The Boy’s bedroom projects continue…

He has a lot of books, of course, and a newly modelled bedroom that didn’t offer anywhere to put them. I could’ve bought a regular, free-standing bookshelf… Alright, I couldn’t. I was bound to end up building one, wasn’t I?

His room had a thin slice of wall in the corner alongside the window. I could make something to fit in there. Having build the tumbling boxes bookshelf in our end room, I decided to use the same technique for his room; to create something a little abstract and irregular, but fitting for him. I should say at this point that he has a flair for Mathematics. In year 5 at primary school he was selected to take part in a county-wide, inter-schools maths challenge, and now attends maths symposia at his secondary school.

When you make shelves as random boxes, you begin to see patterns in them. As I was messing about with designs (in Powerpoint, naturally), one pattern I kept imagining was of mathematical symbols. I could picture shelves made of plus and minus signs, maybe a divide symbol (an Obelus, apparently) and other symbols to spot between the books. I had just made his desk out of maple, and the shelves in the end room were ‘oak’ (that is, poplar, stained to look like oak.) Perhaps I could pick out the symbols by making them out of the darker oak-effect, and used maple for the remainder of the shelves.

With the seeds of this idea, I went to work in PowerPoint. It took a few goes to figure out how big the symbols should be compared to the shelves as a whole. I measured a variety of his books to see what sort of sizes I needed to allow for, and I jiggled around the shapes until they fell into place. As the figure below shows, the symbols didn’t work if they were too big, and they fitted best when I spread them out more randomly and ensured plenty of lighter wood between them to give them contrast. I decided to go for the design on the right.

Off to the wood store with another order, this time for maple and poplar planks. There would be lots of them, many being quite small and fiddly. It took five pieces to make up the Obelus, three pieces each for the addition, multiplication and π (pi) symbols, but there was one shape in particular that would introduce new challenges.

Down in the bottom-left corner, I had decided to add a square-root symbol (a radical with a vinculum, I am informed.) This comprised three lines, two being sloped. I would need to saw at an angle, and work the biscuit cutter on a sloping section. But first I would need PowerPoint to help me plan out exactly what to cut.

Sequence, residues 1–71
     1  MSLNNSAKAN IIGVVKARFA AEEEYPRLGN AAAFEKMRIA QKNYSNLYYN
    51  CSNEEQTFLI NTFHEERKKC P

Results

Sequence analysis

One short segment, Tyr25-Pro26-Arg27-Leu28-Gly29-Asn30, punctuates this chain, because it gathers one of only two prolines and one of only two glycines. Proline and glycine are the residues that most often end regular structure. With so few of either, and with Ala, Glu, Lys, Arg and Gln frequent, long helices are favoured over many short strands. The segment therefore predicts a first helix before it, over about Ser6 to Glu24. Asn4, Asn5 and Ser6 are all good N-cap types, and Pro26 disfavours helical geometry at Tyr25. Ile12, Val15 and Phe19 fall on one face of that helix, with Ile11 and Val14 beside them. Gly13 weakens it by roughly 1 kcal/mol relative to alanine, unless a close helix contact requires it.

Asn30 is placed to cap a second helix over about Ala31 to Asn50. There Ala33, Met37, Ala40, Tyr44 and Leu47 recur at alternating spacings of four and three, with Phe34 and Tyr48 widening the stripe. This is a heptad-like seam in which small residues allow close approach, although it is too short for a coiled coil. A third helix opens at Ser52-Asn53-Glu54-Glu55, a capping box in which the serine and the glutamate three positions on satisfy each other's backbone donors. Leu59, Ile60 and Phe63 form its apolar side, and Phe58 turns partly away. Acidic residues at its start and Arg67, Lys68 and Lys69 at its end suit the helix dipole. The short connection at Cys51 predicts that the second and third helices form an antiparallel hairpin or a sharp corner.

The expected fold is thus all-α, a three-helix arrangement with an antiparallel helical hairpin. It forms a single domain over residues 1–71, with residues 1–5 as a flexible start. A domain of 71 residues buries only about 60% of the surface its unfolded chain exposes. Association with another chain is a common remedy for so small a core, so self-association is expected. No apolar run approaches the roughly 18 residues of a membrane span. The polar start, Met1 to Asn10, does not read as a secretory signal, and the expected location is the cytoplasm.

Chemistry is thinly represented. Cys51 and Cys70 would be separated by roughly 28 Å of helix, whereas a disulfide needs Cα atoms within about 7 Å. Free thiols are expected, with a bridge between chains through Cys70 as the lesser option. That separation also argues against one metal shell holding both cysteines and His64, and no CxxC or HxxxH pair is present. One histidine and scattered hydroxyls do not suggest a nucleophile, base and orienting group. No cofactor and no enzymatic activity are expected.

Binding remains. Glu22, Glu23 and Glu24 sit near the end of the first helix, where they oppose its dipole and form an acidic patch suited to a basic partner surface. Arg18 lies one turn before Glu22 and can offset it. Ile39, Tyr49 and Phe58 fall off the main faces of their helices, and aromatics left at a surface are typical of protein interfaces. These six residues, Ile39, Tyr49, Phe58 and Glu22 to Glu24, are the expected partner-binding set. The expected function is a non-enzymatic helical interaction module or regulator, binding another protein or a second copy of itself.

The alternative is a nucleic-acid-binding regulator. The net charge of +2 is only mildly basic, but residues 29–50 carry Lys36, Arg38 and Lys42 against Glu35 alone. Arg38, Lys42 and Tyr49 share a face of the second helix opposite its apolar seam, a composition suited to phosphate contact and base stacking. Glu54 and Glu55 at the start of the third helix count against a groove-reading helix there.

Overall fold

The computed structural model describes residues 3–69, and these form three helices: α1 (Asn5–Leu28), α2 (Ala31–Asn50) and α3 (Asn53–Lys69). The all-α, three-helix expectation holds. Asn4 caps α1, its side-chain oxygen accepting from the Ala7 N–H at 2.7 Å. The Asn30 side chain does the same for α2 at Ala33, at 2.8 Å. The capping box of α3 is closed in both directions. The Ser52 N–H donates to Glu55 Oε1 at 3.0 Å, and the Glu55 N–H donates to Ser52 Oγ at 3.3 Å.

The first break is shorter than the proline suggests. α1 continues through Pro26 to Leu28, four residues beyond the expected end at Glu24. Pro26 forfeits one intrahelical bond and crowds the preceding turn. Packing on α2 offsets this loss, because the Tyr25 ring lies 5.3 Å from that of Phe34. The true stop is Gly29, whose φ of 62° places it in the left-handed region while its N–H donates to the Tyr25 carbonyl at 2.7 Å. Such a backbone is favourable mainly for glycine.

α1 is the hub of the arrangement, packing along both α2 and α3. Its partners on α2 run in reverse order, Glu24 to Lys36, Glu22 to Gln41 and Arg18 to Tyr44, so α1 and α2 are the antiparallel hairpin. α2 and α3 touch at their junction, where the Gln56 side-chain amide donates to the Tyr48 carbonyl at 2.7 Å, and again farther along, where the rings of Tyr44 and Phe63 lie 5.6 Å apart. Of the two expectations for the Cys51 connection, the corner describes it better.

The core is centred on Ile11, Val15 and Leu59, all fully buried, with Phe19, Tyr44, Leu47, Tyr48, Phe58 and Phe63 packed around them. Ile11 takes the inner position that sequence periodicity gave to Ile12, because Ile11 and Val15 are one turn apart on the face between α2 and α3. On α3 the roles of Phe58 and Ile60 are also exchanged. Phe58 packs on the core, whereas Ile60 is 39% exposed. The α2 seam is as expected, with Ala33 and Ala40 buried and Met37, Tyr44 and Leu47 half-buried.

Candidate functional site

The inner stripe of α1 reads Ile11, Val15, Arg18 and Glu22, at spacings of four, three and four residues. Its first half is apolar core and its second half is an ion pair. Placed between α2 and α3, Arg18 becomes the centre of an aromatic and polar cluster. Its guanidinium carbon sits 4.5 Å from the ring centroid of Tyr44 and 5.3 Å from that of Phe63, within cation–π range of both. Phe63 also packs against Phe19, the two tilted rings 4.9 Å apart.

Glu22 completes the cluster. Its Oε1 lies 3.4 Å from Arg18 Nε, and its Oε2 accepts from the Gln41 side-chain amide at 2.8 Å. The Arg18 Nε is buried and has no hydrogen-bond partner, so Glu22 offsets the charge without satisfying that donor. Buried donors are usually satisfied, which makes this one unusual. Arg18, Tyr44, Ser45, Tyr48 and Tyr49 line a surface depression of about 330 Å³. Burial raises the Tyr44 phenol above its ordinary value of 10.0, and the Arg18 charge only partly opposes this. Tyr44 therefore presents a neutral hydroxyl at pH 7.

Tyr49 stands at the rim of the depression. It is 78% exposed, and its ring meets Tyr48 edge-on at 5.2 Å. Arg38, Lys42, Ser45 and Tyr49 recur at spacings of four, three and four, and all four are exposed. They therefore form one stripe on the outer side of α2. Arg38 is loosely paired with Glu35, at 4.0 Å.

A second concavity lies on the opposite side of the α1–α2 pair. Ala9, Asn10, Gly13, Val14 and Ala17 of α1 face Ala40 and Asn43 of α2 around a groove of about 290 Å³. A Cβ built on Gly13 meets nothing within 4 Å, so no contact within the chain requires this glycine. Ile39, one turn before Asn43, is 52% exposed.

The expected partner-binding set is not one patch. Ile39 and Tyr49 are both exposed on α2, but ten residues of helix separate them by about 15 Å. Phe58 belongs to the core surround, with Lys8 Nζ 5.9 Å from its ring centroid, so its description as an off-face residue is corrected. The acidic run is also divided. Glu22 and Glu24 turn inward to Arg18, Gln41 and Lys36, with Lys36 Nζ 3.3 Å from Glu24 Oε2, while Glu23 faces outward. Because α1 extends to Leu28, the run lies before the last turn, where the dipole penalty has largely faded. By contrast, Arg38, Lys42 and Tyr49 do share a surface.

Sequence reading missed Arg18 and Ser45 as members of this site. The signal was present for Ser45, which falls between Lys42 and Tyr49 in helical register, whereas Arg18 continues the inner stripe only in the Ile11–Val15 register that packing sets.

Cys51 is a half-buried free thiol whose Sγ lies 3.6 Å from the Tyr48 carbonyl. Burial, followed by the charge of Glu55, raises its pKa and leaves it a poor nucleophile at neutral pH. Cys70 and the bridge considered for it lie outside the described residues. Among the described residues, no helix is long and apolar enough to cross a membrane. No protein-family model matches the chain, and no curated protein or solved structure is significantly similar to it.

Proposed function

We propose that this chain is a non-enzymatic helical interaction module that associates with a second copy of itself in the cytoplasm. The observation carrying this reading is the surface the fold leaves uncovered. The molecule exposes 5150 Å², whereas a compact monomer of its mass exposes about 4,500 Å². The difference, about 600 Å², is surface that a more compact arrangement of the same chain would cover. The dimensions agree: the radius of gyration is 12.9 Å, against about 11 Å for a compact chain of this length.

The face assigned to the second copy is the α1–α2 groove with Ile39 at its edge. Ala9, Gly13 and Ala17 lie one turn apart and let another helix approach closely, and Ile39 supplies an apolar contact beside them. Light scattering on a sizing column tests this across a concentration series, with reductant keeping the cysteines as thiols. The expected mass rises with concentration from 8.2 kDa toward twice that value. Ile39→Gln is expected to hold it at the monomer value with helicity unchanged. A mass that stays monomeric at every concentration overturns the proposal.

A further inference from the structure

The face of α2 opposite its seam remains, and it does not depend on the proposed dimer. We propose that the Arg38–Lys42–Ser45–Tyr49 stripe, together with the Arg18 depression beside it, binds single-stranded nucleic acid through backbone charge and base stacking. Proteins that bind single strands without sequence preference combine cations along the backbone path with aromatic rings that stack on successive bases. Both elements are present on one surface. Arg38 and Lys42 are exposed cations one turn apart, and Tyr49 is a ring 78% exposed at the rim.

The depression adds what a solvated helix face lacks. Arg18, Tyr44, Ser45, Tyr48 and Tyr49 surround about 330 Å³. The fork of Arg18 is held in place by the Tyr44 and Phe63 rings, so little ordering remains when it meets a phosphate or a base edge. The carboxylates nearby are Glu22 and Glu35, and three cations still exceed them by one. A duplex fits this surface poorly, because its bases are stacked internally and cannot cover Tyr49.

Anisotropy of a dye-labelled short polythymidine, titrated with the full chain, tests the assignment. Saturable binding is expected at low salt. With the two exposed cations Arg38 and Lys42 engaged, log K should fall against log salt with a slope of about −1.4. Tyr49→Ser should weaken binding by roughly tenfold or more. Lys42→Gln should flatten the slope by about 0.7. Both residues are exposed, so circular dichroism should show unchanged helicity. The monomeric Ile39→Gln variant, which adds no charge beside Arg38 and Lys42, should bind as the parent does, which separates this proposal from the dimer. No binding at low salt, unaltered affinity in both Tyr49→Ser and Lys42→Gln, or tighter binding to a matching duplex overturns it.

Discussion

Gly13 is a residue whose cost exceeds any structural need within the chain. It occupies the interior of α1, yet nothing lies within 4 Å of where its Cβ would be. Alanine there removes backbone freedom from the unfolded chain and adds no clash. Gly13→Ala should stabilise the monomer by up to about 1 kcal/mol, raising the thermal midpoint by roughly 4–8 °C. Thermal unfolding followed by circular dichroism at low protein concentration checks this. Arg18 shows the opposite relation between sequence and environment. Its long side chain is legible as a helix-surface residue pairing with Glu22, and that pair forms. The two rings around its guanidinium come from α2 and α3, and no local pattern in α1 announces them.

I settled on having the long descending line at 15 degrees from vertical, and the rising tick at the end to be at 45 degrees. This would mean taking 15-degree strips off the ends of the two longer pieces and a 30-degree strip off the end of the shorter piece. Sawing could be achieved using a jigsaw with its base set to an appropriate slope. Handily, my jigsaw’s base is designed with neat slots that allow adjustments in 15-degree increments.

The figure below shows the cuts between the longer pieces. (Note: confusingly, this image is reversed, since I wanted to identify which piece was which and I had written labels on their backs, where they would eventually be hidden by the wall.)

More problematic was the positioning of the grooves for the biscuit joints. In particular, the top joint, between the two longer pieces. In a right-angled joint, the grooves are cut perpendicular to the faces that are glued together, so the sides of the grooves are parallel to the sides and end of the wood. In this case, the end and the inner side both slope in towards where a perpendicular groove would be. There was a risk that the grooves would cut through and weaken or damage one of the surfaces. I decided that the safest approach would be to cut the grooves so they would be parallel to these sloping sections. This is probably easier to understand from a sketch, so in the picture below, the biscuit would sit as shown in the lower figure rather than as in the upper figure.

The biscuit joiner would hence be set to cut at an angle to the faces to be glued. Tricky… I devised a jig that would hold the cutter at 15 degrees to the wood. I had to allow for the fact that the angle would result in the cutter not being flush with the surface of the wood at the point at which the blade appeared. So, I set the cutter blade to extend further out into the wood so that the resultant hole would still be deep enough. In the end I managed to get the two pieces to line up with the top one overhanging by about a millimetre. This was good – I could easily plane off the excess wood to create a smooth, flat join – better than if it had been a millimetre too short!

I shall talk about the assembly, and the problems that befell the mounting, in part 2.

Cheers

Nick